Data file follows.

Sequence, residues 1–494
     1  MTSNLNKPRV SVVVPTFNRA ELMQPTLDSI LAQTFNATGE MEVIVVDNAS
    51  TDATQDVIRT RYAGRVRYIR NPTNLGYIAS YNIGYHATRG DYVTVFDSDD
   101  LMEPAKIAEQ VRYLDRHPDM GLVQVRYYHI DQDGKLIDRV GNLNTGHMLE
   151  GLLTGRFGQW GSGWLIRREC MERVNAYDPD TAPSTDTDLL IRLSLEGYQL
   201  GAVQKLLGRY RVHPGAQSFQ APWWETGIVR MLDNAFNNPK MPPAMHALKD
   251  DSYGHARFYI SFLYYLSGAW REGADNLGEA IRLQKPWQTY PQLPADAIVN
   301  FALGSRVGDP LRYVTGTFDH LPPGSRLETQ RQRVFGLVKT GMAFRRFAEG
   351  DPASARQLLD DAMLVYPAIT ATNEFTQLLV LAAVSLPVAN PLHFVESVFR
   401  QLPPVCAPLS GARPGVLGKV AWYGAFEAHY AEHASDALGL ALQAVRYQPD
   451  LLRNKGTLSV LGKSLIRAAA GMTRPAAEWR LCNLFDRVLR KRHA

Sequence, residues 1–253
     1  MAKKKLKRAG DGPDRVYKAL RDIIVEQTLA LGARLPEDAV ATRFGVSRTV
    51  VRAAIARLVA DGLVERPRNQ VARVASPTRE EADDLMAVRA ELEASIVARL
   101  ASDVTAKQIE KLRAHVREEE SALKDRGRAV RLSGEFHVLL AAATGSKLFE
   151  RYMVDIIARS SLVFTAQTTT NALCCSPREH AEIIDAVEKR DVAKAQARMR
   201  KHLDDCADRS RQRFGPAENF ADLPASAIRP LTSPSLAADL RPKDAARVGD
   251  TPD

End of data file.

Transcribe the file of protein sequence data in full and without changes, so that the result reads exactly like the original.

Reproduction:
Sequence, residues 1–494
     1  MTSNLNKPRV SVVVPTFNRA ELMQPTLDSI LAQTFNATGE MEVIVVDNAS
    51  TDATQDVIRT RYAGRVRYIR NPTNLGYIAS YNIGYHATRG DYVTVFDSDD
   101  LMEPAKIAEQ VRYLDRHPDM GLVQVRYYHI DQDGKLIDRV GNLNTGHMLE
   151  GLLTGRFGQW GSGWLIRREC MERVNAYDPD TAPSTDTDLL IRLSLEGYQL
   201  GAVQKLLGRY RVHPGAQSFQ APWWETGIVR MLDNAFNNPK MPPAMHALKD
   251  DSYGHARFYI SFLYYLSGAW REGADNLGEA IRLQKPWQTY PQLPADAIVN
   301  FALGSRVGDP LRYVTGTFDH LPPGSRLETQ RQRVFGLVKT GMAFRRFAEG
   351  DPASARQLLD DAMLVYPAIT ATNEFTQLLV LAAVSLPVAN PLHFVESVFR
   401  QLPPVCAPLS GARPGVLGKV AWYGAFEAHY AEHASDALGL ALQAVRYQPD
   451  LLRNKGTLSV LGKSLIRAAA GMTRPAAEWR LCNLFDRVLR KRHA

Sequence, residues 1–253
     1  MAKKKLKRAG DGPDRVYKAL RDIIVEQTLA LGARLPEDAV ATRFGVSRTV
    51  VRAAIARLVA DGLVERPRNQ VARVASPTRE EADDLMAVRA ELEASIVARL
   101  ASDVTAKQIE KLRAHVREEE SALKDRGRAV RLSGEFHVLL AAATGSKLFE
   151  RYMVDIIARS SLVFTAQTTT NALCCSPREH AEIIDAVEKR DVAKAQARMR
   201  KHLDDCADRS RQRFGPAENF ADLPASAIRP LTSPSLAADL RPKDAARVGD
   251  TPD